A thoughtfully designed entrance creates a lasting impression on a visitor. Correctly specified entrance matting not only enhances this experience, it provides three critical additional benefits: keeping floors safer by reducing the risk of slipping; supporting hygiene by controlling contaminants being tracked into the building; and helping to protect and preserve the lifespan of interior floor coverings.
Common problems with entrance matting
A common problem is that the walk-off length of matting is insufficient to fully clean passing footwear. If the walk-off area is too short, it means that the matting is only likely to trap around 30-40% of dirt, whereas a correctly specified system can virtually prevent all dirt from being walked-in. Inevitably, this has a huge impact on reducing cleaning costs and hygiene control.
The higher the pedestrian footfall, the longer the walk off length should be. COBA Africa recommends a minimum of six footsteps in length, which translates to approximately three to four metres for buildings with less than 80 people an hour, with some nine to twelve metres being the recommendation for high footfall areas. The latter is categorised as being in the region of 2000 people per day, for example a busy shopping mall or a public building such as an airport.
Creating functional entrance zones
To thoroughly clean footwear, an effective entrance matting system needs to scrape, remove and contain dirt and wipe away moisture, thus drying the soles of shoes before the individual has walked off the mat. The creation of zones, incorporating the use of a series of different mats in a specific sequence according to their functionality, can be an effective solution.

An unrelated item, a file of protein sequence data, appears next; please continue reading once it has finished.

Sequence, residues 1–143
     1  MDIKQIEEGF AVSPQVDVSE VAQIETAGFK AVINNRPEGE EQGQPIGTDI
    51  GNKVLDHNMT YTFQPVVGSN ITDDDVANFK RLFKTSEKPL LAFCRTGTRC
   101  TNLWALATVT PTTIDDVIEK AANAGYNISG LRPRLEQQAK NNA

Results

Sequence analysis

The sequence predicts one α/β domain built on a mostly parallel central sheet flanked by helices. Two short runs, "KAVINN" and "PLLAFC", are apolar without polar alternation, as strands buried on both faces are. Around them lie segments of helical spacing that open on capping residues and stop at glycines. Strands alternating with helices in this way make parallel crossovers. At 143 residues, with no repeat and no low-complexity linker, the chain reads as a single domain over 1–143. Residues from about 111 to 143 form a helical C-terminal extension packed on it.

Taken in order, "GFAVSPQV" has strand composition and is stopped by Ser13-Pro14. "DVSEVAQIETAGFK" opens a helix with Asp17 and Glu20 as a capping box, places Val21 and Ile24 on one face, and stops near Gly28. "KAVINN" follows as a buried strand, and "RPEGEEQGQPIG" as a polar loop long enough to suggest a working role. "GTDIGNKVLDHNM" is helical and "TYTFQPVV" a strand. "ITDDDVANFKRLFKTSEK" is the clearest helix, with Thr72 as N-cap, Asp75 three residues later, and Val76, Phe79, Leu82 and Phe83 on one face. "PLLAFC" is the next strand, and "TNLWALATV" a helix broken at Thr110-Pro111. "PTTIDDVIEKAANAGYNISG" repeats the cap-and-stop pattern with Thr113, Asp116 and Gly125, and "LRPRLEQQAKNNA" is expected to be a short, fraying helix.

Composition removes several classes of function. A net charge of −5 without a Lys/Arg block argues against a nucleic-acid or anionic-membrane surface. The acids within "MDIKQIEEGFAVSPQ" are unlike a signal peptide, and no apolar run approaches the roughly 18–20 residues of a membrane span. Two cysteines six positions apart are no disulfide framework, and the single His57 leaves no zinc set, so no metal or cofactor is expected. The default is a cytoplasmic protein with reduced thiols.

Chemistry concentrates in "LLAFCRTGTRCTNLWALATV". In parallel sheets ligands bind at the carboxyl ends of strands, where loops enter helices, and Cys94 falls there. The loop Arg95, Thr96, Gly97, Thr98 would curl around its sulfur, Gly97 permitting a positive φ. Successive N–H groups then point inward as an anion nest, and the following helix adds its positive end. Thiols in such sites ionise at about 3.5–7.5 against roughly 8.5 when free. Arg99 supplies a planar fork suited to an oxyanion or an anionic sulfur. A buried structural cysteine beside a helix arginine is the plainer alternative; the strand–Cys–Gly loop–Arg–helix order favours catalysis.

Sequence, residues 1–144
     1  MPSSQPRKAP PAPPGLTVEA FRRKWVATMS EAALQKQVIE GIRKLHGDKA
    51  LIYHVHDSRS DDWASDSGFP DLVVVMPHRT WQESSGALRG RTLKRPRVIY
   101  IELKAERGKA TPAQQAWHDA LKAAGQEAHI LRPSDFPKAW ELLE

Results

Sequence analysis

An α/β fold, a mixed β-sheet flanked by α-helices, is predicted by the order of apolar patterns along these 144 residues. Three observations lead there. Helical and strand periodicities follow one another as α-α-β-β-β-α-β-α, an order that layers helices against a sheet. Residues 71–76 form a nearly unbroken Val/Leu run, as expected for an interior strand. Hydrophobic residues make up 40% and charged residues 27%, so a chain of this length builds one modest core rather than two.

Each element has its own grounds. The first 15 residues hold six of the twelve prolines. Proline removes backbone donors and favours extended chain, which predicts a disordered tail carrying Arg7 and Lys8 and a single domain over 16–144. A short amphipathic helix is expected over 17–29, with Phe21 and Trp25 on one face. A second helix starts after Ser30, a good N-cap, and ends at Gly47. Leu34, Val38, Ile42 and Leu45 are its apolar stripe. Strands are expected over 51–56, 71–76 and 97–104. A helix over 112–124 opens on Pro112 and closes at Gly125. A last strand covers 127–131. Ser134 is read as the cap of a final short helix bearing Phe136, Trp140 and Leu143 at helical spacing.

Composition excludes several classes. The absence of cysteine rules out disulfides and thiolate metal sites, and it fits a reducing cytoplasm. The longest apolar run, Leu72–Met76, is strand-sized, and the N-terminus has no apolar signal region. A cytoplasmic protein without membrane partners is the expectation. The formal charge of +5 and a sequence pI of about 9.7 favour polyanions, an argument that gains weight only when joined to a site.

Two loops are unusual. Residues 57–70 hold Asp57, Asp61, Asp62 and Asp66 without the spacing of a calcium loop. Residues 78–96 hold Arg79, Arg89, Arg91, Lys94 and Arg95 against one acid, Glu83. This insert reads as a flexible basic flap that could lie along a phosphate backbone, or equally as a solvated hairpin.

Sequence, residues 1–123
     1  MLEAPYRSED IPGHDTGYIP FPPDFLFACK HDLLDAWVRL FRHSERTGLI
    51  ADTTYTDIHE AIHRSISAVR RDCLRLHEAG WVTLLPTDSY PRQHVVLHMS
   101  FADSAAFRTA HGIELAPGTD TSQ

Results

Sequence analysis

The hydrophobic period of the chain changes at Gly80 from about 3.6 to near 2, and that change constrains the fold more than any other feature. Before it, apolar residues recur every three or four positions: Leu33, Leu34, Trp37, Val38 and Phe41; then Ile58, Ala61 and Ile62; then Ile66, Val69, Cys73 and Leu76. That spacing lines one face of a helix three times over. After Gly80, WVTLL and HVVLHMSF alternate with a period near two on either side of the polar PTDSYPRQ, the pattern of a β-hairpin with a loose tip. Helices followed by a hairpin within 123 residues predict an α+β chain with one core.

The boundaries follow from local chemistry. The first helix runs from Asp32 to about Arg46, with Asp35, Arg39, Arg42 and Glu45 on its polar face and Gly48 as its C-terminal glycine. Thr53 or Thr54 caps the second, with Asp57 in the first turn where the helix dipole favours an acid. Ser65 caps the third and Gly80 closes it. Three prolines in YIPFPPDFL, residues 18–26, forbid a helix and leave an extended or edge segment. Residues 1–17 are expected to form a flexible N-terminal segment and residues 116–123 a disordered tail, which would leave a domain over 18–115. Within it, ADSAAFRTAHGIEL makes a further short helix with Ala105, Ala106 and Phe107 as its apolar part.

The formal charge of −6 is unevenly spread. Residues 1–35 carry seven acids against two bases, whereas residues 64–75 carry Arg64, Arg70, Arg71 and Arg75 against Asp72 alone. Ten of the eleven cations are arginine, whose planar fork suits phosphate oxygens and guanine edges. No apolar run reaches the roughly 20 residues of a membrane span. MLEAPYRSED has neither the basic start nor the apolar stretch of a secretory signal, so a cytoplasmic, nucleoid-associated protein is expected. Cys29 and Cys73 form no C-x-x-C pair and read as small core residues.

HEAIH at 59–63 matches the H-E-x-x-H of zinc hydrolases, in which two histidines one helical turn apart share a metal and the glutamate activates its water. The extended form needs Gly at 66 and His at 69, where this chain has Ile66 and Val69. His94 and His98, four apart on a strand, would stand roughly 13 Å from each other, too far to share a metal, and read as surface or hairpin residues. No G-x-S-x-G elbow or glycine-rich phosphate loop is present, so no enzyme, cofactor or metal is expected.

Different matting materials have different properties and wear characteristics. Resistance to fading, UV and fire retardancy may be other factors to bear in mind. The environmental credentials of buildings are coming under increasing scrutiny, so COBA Africa has introduced options manufactured from 95%-100% recycled materials.
For example, Zone One should form the outdoor area, where a “weather-proof” scraper mat is ideally used. A “covered” external area which is sheltered from the elements will be Zone Two. Zone Three – for internal areas – should generally be carpet surface mats as these will wipe any remaining grit and moisture from footwear.
Allowing for disabled access
The design of any entrance area should allow for disabled access, so matting should either be installed in a recessed mat well and be level with the floor surface, or if surface mounted, have bevelled edging so as not to impede wheelchairs or any other form of wheeled equipment that needs to enter.
COBA Africa’s Entrance Architect mobile app offers this expert advice right at your fingertips, featuring three easy steps, with simple questions to walk you in the right direction. Entrance Architect can be downloaded from both iTunes and the Google Play store.
For more information, contact COBA Africa on Tel: +27 (11) 452 7961or via www.cobaafrica.com.
Be in the know! Don’t get left behind!
Subscribe to our free magazine on http://tiny.cc/floorsfreemag
Sign up for our newsletter: https://www.buildinganddecor.co.za/register/ or join other discussions like these on http://www.facebook.com/buildinganddecor, http://www.twitter.com/buildingdecor and https://www.linkedin.com/showcase/10172797/